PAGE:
If you have ever planted a flower, a vegetable, or any grass seed in your yard, you have most likely had an unfavorable encounter with crabgrass. This vociferous weed, though seemingly harmless at first, can rapidly take over your garden or yard, creating an untended, unruly looking space.

The problems associated with crabgrass are not just aesthetic, however. This weed sucks massive amounts of nutrients and water from the soil, stealing life-giving necessities from your more delicate plants to continue its unprecedented take-over. It appears in late spring, sprouting up in any area of bare soil. Since it is an annual, it will leave ugly bare spots in your lawn when it dies in the winter. Crabgrass also roots incredibly deep into the ground, making it one of the most challenging weeds to remove just by pulling.

Crabgrass spreads like wildfire, with one plant able to produce 150,000 seeds. These seeds stick around in the soil for up to 3 years, germinating when the ground warms, and moisture reaches them. If this problem is left unattended, you will soon be facing an outbreak, or a yard made up entirely of this stubborn grass. Rather than treating this as a standard weed issue, particular attention must be given to eradicate it once and for all.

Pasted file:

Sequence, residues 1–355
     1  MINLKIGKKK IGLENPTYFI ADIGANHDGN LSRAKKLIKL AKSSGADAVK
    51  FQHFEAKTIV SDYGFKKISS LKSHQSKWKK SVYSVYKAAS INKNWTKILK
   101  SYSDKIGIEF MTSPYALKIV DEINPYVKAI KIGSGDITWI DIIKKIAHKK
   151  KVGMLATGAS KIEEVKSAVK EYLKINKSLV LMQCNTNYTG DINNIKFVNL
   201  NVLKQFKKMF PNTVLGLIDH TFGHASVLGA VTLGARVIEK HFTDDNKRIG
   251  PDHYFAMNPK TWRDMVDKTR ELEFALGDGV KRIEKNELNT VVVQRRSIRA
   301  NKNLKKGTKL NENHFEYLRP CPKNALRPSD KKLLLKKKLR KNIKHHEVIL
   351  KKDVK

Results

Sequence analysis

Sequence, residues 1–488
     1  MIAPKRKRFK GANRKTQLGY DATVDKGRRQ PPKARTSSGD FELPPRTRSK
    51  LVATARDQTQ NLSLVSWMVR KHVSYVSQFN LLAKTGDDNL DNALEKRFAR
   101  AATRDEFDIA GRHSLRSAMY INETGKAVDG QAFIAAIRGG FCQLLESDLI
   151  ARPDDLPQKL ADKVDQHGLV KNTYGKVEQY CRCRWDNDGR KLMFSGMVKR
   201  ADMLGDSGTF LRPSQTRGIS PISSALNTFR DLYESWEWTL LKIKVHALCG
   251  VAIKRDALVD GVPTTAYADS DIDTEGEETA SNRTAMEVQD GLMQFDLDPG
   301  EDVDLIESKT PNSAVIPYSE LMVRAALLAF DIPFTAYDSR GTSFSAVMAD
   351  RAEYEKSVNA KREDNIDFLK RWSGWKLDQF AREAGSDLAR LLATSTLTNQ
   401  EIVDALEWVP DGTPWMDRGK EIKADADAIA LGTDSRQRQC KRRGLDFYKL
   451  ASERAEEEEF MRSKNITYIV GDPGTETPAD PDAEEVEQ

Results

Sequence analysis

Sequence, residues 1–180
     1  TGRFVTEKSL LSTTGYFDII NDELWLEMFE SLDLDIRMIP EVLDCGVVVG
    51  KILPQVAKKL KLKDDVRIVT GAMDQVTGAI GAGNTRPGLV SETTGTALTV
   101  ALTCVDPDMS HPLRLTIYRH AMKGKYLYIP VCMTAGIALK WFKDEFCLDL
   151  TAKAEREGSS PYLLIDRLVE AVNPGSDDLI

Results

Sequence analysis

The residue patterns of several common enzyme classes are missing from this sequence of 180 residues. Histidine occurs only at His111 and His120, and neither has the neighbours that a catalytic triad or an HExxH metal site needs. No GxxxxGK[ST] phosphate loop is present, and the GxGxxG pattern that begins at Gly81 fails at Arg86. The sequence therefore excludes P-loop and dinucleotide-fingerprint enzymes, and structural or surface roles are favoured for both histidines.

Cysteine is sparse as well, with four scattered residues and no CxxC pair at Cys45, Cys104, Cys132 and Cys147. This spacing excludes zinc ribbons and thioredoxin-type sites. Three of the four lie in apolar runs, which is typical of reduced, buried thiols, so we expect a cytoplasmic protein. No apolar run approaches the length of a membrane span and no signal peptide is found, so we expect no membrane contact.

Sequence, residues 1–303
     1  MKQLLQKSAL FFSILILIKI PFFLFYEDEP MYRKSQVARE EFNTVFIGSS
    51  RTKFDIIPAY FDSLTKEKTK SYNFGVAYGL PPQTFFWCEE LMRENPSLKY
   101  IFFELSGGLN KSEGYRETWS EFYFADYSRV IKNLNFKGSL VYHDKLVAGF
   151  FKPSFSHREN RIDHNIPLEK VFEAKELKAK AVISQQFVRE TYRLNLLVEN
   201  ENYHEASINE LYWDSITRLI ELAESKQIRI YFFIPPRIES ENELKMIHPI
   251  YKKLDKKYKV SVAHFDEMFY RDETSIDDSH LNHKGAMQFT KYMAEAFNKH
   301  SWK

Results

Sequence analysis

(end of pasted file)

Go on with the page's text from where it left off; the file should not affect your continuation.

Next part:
How To Identify Crabgrass

Generally, an infestation of crabgrass is relatively apparent. It tends to look different from the rest of your grass, or it begins appearing after the rest of the lawn has already sprouted for the season. If this sounds familiar, but you are unsure if it is crabgrass that is plaguing your yard, it’s best to get a closer look. Don’t be afraid up close and personal with the weed for more clear identification.

Crabgrass often looks like a small cornstalk when it is first growing, with leaves about the same width as a pencil. This makes it easy to spot as it is often much wider than typical grass varieties. This original upshoot quickly sends off many side shoots and begins to spread, with leaves coming off in a “Y” from the original blade. As crabgrass reaches later stages, the blades start growing sideways, and more roots begin digging into the ground. This often makes the weed appear to have a star shape at the primary source.

Once you are confident that crabgrass is your irritating foe, you can begin the process of weed obliteration and lawn restoration.

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